Embracing new technologies and innovative approaches can be a blessing or a curse. Done properly takes your business to another level. Done poorly – can turn your work life into a living hell. Digital transformation isn’t easy, but its necessity stems from the myriad opportunities it brings. This article will help you learn what digital transformation is, why it’s important, and how you can benefit from it.
What is digital transformation?
With broad terms like this, there are many different definitions of digital transformation.
Salesforce describes it as the process of using digital technologies to create new — or modify existing — business processes, culture, and customer experiences to meet changing business and market requirements. This reimagining of business in the digital age is digital transformation. Digital transformation begins and ends with how you think about, and engage with, customers.
For CIO, digital transformation marks a rethinking of how an organization uses technology, people, and processes in pursuit of new business models and new revenue streams, driven by changes in customer expectations around products and services. For many enterprises that build traditional goods, this means building digital products, such as a mobile application or an eCommerce platform.
Finally, let’s see IBM’s approach: Digital transformation takes a customer-driven, digital-first approach to all aspects of a business, from its business models to customer experiences to processes and operations. It uses AI, automation, hybrid cloud, and other digital technologies to leverage data and drive intelligent workflows, faster and smarter decision-making, and real-time response to market disruptions. And ultimately, it changes customer expectations and creates new business opportunities.
These three definitions have a few key similarities. Digital transformation reshapes the relationship between the customer and the business. It brings both new technology and new approaches and frameworks. Finally, digital transformation relies on tools and software that help you reach previously unavailable markets.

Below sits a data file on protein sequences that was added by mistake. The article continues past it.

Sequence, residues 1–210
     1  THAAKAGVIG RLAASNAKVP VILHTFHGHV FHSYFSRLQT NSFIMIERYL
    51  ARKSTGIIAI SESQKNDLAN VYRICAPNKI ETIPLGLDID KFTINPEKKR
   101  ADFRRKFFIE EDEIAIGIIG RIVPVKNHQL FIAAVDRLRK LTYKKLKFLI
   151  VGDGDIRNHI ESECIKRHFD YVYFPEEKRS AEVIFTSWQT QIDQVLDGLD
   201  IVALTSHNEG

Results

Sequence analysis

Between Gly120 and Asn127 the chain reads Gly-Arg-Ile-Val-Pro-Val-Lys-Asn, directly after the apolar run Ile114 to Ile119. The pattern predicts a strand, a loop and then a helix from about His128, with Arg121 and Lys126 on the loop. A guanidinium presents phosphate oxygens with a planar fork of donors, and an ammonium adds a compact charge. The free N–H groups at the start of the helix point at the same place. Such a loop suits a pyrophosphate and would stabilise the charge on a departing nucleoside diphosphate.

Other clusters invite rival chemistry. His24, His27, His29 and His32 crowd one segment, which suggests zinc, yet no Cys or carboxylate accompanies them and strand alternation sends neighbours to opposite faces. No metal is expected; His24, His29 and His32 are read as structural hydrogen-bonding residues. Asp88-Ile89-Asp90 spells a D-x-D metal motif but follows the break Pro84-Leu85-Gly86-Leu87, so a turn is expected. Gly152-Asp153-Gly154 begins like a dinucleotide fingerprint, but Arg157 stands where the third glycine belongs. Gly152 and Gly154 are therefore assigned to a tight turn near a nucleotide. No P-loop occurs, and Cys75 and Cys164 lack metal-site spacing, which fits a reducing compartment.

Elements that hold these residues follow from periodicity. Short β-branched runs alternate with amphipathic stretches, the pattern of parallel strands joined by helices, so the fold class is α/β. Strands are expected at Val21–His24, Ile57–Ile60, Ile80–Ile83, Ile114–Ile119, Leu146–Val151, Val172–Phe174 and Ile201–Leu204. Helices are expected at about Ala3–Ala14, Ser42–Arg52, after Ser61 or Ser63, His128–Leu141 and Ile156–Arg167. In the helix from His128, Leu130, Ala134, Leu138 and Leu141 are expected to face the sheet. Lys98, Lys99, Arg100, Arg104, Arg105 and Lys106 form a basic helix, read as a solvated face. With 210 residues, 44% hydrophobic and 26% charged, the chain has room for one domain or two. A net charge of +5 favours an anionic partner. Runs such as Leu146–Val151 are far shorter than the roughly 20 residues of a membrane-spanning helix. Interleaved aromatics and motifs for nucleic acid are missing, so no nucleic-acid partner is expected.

Examples of digital transformation
Netflix – jump into the stream
Nowadays, the streaming giant struggles to stay relevant, with a dwindling number of subscribers and mixed-reviewed original content. But in the first decade of the 21st centry, Netflix was the avant-garde of digital transformation.
Up to 2007, Netflix was a service that sent you ordered DVDs via mail. It kind of worked like a rental store without the necessity of going to Blockbuster (RIP). But you still had to wait for your movie or sign up in a queue, as the company had a finite number of copies of Mean Girls or Lord of The Rings. You either sink or swim. So when the opportunity came in 2007, Netflix started its own digital platform. And just like that, from 5 million subscribers in 2006, the streaming service surpassed 100 million subscribers in 2017 to almost 293 million subscribers in 2022.
Nintendo – play everywhere
It’s shocking, but Nintendo, the cause of your neverending arguments with parents about buying a GameBoy console, was established in 1889. Yes, the company’s history spans over three centuries. Firstly, Nintendo was producing and selling hanafuda – cards for a popular Japanese game. Over decades the company dipped its toe in many different endeavors. Especially after the 50s, when they had their TV Network, food company, and taxi company. All of these endeavors met their demise, except one – video games.
In the 70s, the company has seen the market’s potential. Firstly, they distributed the hardware. But the real money was in the games, like Donkey Kong from 1981. Firstly distributed in arcade saloons, then Nintendo started porting the title on home devices, like Atari 2600. In 1983, the Super Mario Bros. game debuted, changing practically the whole industry landscape. Nintendo not only invested in games but also started to produce its own hardware. Everybody knows Nintendo Entertainment System or GameBoy pocket console.
The empire grew, and so did the competition, such as Sony with PlayStation or Microsoft with Xbox. How to stay relevant? Nintendo has chosen an interesting path. The company’s consoles don’t have the best hardware, but they always offer a library of exclusive characters with beloved characters, like Mario, Kirby, or the whole Pokemon family. Each iteration also has an interesting tweak. The best example is Switch, released in 2017. The handheld console has a great design that allows the controllers to be separated and play with another player just by tilting them horizontally. A special add-on lets you play on your TV, and the company effectively taps into your nostalgia by releasing new games from popular franchises or remastering the old beloved ones only on Switch.
Does it work? Well, the console is five years old, and it still sells, surpassing over 100 million sold units. It makes it one of the most popular gaming hardware in history. Not bad for a thing that specification can be compared to a middle-tier smartphone.
McDonald’s – a process with no end date